Ferran Adria at the Castro Theatre, San Francisco, October 10, 2011

Ferran Adria is one of the world’s most renowned chefs.  He is the chef at el Bulli, a restaurant that was named top restaurant in the world for five years and took over two million reservation requests for 8000 seatings per year.  How could this chef from the tiny town of Rosas on the Mediterranean coast of Spain sell out the 1400 seat Castro Theatre on a rainy Monday night in San Francisco?  He told his story in words, pictures, and video, in an event expertly coordinated by Omnivore Books.  He began by humbly pronouncing that he did not know much about cuisine or cooking.  To illustrate the point, he showed a simple orange, and explained how there were so many varieties of citrus and that it would take several lifetimes to know everything about them, or about grapes, or about wine, or about any foodstuff.  He then discussed different levels of creativity by explaining The Omelette and the Miniskirt.  No one knows who made the first omelette, but from that idea hundreds of variations have been developed.  With the miniskirt, short dresses have been around since ancient Roman times, but it took a personality like Mary Quant in 60s London to introduce the concept of the miniskirt.  So this was Ferran’s goal, conceptual creativity, to create new recipes and concepts that would be as influential as the omelette.  He showed videos about some of the concepts that were invented at el Bulli – the use of liquid nitrogen, gels, and spherical liquids.  Fantastical, delightful, surprising, and wildly creative innovations in food.  A rubber mold that perfectly rendered a strawberry sorbet into the shape of a strawberry, re-making the familiar with unexpected tastes and textures.  Is this frivolous or elitist, multi-course meals that cost hundreds of euros per person, in a time when there is widespread joblessness and hunger in the United States, not to mention most of the rest of the world?  Maybe, but I think there are three answers to this criticism.  My own feeling is that society needs avant garde artists to push forward whatever their chosen medium, like Frank Gehry designing the Guggenheim instead of warehouses, or Picasso painting Guernica instead of ads for the Gap.  Second, Ferran addresses home cooks with a new book entitled The Family Meal, based on the meals prepared for the staff at el Bulli that are economical, healthy, and accessible to the home cook.  Finally, Ferran has established the el Bulli foundation to continue to develop new concepts in food and share them on-line, to inspire new chefs wherever they might be.  This might be his greatest legacy, lasting beyond the ephemeral experience of a single meal – developing new “omelettes” that can be shared, improved, and contribute to food culture for years to come.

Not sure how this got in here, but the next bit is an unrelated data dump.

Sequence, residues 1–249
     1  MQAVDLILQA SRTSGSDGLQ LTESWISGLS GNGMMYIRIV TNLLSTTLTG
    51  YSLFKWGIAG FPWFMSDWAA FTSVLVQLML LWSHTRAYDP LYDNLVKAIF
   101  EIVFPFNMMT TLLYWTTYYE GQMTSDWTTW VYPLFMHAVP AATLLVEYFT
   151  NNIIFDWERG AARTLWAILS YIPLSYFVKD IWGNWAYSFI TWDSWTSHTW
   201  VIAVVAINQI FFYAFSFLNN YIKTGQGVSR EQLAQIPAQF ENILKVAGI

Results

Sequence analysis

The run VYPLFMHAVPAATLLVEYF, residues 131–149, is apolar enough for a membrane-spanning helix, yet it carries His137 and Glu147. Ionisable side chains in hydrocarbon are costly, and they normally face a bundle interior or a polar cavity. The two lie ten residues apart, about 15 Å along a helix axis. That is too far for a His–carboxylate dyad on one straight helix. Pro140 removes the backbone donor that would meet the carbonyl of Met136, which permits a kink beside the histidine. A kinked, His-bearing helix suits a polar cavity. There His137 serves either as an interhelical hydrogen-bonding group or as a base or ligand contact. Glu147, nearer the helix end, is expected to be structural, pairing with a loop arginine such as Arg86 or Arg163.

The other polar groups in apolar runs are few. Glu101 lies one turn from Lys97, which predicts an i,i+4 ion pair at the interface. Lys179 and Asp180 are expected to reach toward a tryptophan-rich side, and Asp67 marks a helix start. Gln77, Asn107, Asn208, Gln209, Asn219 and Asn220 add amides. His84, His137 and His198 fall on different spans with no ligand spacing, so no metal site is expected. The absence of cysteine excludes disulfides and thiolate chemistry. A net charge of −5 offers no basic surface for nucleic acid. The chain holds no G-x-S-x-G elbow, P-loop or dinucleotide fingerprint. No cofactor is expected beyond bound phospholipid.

I also recommend a book that describes the behind-the-scenes operation at the restaurant, A Day at el Bulli.

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